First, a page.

Doses Delivered to Thermoluminescence Detectors (TLDs) Due to Radon Gas

L.W. Parker; J.A. Moore; S.-H. Hsu; A.L. Lehnert; M.L. Rodrigues; and K.J. Kearfott (University of Michigan)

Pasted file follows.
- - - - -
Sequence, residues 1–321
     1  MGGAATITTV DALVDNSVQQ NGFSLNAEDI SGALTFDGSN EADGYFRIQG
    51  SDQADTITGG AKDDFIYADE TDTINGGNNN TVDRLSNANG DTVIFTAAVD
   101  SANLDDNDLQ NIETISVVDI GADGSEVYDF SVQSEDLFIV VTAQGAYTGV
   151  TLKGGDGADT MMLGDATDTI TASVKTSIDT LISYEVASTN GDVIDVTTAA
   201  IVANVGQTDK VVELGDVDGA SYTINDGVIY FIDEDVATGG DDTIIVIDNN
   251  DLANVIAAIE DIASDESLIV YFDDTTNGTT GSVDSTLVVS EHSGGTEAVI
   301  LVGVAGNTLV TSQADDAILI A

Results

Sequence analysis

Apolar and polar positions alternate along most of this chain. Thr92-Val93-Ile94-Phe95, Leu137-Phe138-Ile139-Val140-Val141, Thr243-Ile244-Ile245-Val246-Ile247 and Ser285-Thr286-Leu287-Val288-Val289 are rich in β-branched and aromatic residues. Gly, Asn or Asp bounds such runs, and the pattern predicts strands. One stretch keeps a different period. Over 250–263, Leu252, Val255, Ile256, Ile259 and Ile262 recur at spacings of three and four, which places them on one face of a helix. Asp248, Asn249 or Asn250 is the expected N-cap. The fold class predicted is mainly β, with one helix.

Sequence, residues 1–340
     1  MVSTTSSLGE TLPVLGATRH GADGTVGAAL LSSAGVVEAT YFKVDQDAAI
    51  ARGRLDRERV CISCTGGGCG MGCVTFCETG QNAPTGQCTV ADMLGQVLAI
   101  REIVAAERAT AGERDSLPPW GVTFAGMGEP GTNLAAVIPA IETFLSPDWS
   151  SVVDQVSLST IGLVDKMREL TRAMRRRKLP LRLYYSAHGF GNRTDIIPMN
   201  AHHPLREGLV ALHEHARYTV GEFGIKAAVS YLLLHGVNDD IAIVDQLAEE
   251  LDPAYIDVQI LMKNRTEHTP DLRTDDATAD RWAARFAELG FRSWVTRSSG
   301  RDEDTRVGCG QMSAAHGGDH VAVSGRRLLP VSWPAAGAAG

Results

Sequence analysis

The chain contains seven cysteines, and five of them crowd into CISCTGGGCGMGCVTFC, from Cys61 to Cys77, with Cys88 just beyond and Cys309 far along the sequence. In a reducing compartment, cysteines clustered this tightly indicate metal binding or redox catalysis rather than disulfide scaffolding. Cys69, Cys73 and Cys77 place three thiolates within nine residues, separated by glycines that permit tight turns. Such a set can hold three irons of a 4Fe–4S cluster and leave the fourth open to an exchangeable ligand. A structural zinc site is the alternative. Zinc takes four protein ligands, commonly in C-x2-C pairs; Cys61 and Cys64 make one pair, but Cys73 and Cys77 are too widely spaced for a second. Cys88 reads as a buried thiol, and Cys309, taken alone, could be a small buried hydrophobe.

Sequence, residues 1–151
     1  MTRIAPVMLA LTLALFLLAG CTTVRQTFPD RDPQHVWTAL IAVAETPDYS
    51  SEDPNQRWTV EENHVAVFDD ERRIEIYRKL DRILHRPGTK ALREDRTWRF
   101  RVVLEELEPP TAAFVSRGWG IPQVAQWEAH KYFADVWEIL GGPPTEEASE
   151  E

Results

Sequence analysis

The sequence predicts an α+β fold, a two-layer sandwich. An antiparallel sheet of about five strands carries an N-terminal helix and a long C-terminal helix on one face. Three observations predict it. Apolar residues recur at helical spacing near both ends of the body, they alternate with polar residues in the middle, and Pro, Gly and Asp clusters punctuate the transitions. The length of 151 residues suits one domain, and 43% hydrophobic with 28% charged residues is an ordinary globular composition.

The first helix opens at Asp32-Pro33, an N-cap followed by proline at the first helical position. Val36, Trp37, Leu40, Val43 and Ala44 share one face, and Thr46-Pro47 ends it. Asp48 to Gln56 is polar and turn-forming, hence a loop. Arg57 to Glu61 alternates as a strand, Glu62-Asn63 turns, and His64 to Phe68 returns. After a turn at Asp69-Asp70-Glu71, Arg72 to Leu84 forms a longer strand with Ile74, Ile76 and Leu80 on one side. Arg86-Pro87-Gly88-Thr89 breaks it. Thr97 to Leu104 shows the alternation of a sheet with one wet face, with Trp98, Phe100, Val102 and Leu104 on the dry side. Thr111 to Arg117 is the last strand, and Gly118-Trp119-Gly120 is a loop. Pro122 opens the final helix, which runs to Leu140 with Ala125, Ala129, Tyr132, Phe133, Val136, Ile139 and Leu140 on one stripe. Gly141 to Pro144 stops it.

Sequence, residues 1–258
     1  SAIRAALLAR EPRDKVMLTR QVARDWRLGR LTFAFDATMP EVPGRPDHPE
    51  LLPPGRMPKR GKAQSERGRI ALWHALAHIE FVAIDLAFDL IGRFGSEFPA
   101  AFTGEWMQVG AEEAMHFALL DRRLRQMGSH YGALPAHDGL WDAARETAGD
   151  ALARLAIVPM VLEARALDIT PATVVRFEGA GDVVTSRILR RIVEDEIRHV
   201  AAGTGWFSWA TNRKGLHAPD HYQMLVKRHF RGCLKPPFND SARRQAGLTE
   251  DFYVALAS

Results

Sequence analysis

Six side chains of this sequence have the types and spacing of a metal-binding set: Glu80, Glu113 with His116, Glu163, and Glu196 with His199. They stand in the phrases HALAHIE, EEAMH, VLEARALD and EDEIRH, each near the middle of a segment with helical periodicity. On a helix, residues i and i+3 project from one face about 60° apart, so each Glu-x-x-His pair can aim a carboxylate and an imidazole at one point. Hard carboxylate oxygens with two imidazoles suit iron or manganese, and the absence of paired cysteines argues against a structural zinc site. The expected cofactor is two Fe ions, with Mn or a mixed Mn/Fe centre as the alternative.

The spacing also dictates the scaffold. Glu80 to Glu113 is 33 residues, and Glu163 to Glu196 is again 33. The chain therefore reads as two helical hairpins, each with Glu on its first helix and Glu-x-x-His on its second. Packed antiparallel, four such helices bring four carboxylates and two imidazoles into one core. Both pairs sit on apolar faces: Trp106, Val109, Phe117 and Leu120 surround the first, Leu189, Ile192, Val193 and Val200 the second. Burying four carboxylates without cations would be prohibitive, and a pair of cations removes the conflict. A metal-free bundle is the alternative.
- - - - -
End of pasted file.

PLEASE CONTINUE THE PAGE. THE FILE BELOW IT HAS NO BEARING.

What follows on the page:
The purpose of this work is to quantify the dose delivered to thermoluminescent detectors (TLDs) in different configurations due to radon gas and explore a means of decreasing these doses. Research consists of exposing calibrated TLDs in different configurations to radon within a small chamber. The configurations of TLDs placed inside the radon chamber include bare TLD materials (chips), TLD chips stored in cards, TLD cards held in badge assemblies, and TLDs protected from radon exposure using various materials. A 250-liter radon chamber, a modified incubator that houses a Radon-226 source (a radium dial), is characterized using a radon monitor providing measurements of radon activity concentration as a function of time. The integral of the radon activity graph is representative of the total exposure to radon for a specified period of time. Measurements of ambient background radiation dose within the chamber are performed by placing TLDs inside the chamber when the Radon-226 source is not present. After subtracting for the non-radon background, the dose recorded on the TLDs is plotted as a function of integrated radon exposure. Comparisons are made of the doses per unit radon concentration for different TLD configurations. It is hoped that a standard process for correcting TLDs for doses due to radon gas and that strategies for minimizing these will be possible.

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